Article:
Discord has already moved beyond AV1 Codec support in the first half of 2023. It looks like the novelty may also reach Twitch.
01/09/2024 – It's no secret that most streamers vote for Nvidia video cards by chance. Many people cannot use two computers for streaming. This happens when the NVENC function on Nvidia video cards is turned on. Using this, you can stream on streaming platforms or record videos using minimal resources. The processor is practically completely offloaded, so the gaming experience is virtually unaffected by streaming, unlike x246 hardware encoding. AMD is also experimenting with similar solutions, but Nvidia's development is more mature, as they have been with us since the GeForce 600 series. Naturally, they have been constantly developed and renewed over the years.
One of the big innovations of the RTX 40 is that it supports the AV1 codec. AV1 provides better quality than currently deployed H.264/H.265 solutions. In the image above, the difference can be perfectly illustrated, comparing the quality of Nvidia's old H.264 NVENC and the new AV1 NVENC. In both cases, the stream was recorded at the usual bitrate of 6Mbps on Twitch. It's heaven and earth, isn't it? At a certain bit rate, we can get a much nicer picture compared to previous solutions. Discord already announced support at the beginning of 2023, but one of the largest live streaming platforms, Twitch, remained silent until the beginning of 2024.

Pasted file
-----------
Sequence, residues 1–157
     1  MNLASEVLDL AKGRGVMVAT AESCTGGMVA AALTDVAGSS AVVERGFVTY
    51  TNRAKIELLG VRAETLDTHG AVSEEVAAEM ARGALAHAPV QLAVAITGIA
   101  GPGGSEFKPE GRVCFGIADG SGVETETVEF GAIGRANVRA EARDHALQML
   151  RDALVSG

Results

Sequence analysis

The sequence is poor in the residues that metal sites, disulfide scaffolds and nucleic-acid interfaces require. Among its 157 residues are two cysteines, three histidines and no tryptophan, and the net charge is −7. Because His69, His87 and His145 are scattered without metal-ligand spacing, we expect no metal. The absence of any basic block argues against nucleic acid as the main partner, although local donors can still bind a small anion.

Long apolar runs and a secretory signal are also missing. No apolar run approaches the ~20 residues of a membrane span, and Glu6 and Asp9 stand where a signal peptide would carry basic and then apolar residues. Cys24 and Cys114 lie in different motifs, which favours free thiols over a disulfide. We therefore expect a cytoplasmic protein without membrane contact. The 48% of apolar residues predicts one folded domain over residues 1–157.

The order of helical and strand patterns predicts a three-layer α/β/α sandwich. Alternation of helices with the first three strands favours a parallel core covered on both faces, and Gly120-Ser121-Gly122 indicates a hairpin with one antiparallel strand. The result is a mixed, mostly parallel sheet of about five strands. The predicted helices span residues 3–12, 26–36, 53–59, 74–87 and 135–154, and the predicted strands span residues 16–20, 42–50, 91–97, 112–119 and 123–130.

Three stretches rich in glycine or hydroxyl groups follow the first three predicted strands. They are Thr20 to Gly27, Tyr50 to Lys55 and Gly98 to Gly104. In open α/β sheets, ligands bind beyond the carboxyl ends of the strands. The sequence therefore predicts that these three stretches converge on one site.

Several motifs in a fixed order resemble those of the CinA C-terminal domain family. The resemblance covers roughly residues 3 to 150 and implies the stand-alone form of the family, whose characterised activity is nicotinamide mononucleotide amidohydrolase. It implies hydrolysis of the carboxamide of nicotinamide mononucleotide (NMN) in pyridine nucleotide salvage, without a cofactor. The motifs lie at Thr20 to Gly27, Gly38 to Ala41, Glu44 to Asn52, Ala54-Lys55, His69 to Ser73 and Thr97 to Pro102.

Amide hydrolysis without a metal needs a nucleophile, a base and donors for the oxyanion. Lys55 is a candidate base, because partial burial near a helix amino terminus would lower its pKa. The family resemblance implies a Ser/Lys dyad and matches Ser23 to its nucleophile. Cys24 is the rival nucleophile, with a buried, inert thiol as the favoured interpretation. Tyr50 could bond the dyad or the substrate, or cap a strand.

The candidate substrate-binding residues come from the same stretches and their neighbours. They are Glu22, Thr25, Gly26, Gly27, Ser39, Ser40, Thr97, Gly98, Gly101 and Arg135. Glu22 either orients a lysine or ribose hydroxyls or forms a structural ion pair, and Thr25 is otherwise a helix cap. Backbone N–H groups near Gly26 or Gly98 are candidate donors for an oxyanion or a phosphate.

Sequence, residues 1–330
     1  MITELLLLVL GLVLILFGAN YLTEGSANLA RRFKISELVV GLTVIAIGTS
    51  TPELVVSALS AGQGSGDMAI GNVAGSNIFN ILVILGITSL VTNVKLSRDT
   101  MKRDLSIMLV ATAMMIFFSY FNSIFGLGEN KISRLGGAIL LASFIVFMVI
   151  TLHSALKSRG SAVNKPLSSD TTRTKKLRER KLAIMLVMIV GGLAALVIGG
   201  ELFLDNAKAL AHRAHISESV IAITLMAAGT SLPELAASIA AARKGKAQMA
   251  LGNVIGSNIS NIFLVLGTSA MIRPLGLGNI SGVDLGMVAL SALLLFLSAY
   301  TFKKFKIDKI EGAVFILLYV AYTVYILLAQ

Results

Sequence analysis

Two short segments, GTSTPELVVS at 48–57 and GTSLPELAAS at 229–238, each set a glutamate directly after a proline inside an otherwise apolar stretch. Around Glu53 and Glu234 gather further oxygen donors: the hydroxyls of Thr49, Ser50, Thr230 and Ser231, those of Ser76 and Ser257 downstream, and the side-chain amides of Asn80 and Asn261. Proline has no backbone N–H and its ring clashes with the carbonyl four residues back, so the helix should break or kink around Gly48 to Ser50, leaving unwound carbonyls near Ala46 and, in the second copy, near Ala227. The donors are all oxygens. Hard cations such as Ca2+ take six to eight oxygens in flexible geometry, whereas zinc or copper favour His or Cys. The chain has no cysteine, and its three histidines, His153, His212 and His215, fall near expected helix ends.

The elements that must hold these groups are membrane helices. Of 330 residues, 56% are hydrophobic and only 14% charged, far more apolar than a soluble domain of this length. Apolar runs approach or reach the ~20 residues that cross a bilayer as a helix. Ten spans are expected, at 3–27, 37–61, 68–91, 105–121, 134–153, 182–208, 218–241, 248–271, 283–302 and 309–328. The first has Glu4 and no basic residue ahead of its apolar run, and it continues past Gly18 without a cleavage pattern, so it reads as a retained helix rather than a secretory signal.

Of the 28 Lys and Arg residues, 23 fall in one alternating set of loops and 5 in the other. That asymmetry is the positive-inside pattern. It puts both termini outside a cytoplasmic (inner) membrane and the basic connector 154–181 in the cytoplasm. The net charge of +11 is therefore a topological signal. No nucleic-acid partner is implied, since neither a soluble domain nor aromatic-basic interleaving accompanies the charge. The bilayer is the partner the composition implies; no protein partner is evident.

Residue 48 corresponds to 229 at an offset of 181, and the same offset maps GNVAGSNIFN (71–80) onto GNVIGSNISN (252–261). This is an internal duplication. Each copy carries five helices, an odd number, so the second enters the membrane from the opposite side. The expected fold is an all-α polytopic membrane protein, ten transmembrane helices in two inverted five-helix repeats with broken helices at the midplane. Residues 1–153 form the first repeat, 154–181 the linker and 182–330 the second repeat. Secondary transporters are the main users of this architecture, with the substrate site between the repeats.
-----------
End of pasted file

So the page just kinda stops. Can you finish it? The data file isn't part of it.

Twitch, OBS, and Nvidia team up – great innovations are coming
At its CES event on January 8th, Nvidia didn't just unveil Super cards. The above video was also published at that time, which users will be able to achieve with the help of the Twitch platform and the OBS app. It is worth waiting for two great innovations in the coming period:
- On the one hand, Twitch will one day finally support the AV1 codec, through which RTX 40 cards (and hopefully AMD and Intel cards also equipped with AV1 support) will be able to enjoy the above benefits.
- The other will be a multi-encoded stream. The streamer won't actually send a single video stream to Twitch, but rather multiple videos at different resolutions. Thanks to this, even users with slower internet can get a great picture, while those with fast internet can enjoy 2K and 4K resolution.
Beta testing of the above functionality could begin within weeks, but only selected content producers can try out the new features. After the trial period ends, it will of course be available to all users Developments.
This 3D gaming screen doesn't require glasses, but you can still play in space